Student Podcasts on Family Stories Make it to Broadcast Competition Finals


Journalism and mass communication students Noran Morsi and Mohamed Youssef took some personal family stories to the mainstage with podcasts they submitted to the Broadcast Education Association's On-Location Creative Competition. And those stories got them to the final round. 

“It feels absolutely amazing,” Youssef said. 

“I’m very excited about it,” Morsi added. “It’s really gratifying to be recognized for something I’m proud of.”

Both students drew inspiration for their podcasts from the audio production course taught by Kim Fox, professor of practice. “It's exciting to expose my JRMC students to audio journalism and all of the layers that it entails,” Fox said. “

A New Perspective on Arab-Americans

Morsi’s piece, “From Cairo to Brooklyn: The Arab American Experience,” tells the story of her aunt and cousin who have been living in the United States for more than 20 years, taking listeners through the experiences of Arab-Americans. The story starts with her aunt’s initial move to the country and goes through major events that greatly impacted the lives of Arab Americans like the attacks of September 11 and the election of U.S. President Donald Trump. 

“I’ve always been fascinated by my family that lives in the United States and how they would nonchalantly mention stories that they went through because of their Arab-American identity that were really different from my experience in Egypt,” Morsi said.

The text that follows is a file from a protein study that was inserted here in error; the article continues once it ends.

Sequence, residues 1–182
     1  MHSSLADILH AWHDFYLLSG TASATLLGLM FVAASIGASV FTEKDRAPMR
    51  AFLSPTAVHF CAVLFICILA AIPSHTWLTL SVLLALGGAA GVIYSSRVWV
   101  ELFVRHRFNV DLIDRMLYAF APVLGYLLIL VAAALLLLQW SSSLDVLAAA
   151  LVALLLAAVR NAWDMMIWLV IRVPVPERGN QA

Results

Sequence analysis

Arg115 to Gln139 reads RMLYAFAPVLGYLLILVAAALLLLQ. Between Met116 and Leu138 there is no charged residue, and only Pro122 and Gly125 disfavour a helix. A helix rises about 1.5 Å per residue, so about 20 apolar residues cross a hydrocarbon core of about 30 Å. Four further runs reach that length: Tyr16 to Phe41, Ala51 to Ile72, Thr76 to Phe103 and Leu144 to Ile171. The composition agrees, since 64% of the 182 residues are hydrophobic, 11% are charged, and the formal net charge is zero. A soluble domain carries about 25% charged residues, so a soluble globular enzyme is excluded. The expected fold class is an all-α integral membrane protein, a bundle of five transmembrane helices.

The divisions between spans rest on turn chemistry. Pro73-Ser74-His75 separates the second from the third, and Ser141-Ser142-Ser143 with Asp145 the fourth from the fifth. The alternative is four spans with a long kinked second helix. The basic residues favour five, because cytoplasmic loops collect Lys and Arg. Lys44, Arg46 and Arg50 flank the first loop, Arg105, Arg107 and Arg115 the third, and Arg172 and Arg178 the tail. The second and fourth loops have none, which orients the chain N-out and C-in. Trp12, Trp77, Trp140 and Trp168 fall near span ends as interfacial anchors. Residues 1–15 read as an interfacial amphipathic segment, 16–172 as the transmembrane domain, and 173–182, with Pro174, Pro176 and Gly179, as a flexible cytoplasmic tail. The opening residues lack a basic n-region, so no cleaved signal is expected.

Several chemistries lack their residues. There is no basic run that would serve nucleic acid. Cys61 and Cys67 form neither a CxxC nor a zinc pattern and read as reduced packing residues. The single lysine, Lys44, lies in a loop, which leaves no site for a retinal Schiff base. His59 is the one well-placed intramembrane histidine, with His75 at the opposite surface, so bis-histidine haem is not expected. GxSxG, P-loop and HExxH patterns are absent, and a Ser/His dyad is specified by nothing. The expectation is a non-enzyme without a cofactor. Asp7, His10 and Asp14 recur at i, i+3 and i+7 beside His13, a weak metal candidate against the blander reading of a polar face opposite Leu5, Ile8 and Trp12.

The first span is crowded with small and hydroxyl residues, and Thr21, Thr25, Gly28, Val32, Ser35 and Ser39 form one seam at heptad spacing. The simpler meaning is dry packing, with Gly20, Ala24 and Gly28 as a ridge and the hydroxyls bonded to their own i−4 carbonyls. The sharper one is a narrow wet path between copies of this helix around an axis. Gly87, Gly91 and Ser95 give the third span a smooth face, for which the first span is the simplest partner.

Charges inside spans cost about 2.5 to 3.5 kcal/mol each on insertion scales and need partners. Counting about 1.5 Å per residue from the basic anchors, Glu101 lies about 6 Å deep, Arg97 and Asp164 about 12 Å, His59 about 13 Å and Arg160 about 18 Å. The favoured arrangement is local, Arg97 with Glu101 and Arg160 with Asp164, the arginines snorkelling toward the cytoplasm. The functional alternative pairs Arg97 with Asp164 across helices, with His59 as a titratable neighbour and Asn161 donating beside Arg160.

Morsi also included insight from Iraqi-American playwright Heather Raffo, who spoke about her own experience as an Arab-American and discussed some shared experiences. 

“I really enjoyed the process of putting all my interviews together in one cohesive feature,” Morsi said. “I had two-hour-long interviews from my main interviewees... and a 20-minute interview from Raffo, all of which I had to condense down to a 10-minute documentary. So while it was the most difficult and challenging part of the project, it was the most enjoyable because I really felt like I was piecing together something great.”

Morsi added that with her story, she hopes to offer a different perspective of Arab-Americans, one that's more nuanced.  

“Many stories on Arab Americans... either center on extreme hardship or extreme cohesion with the American population,” she said. “What I learned from interviewing my family members is that there’s a lot of nuance in how Arab Americans feel about their identity. You can be grateful and recognize the positives of the place you grew up in while also criticizing all the fatal faults it might have.”

A Moment in Time 

Youssef’s piece, “I Wish Something Happens and He Goes…” stayed within Egypt but took listeners back to the Gamal Abdel Nasser era. 

“I decided to do this interview with my great aunt,” he said. “Her educational experience was extremely interesting, and it unfolded memorable narratives around Egyptian education in the 1950s and 1960s, which was also intertwined with Egyptian politics.”

Also studying history, Youssef said the most enjoyable part in putting together this project was seeing how historical events coalesced with his own family’s stories.

I wanted to share this narrative with other people and humanize the mainstream events we often hear about. I feel it’s very valuable to see this kind of primary source expand alongside historical narratives,” he said. 

The winners of the BEA competition will be announced on October 24. You can check out the full list of finalists here.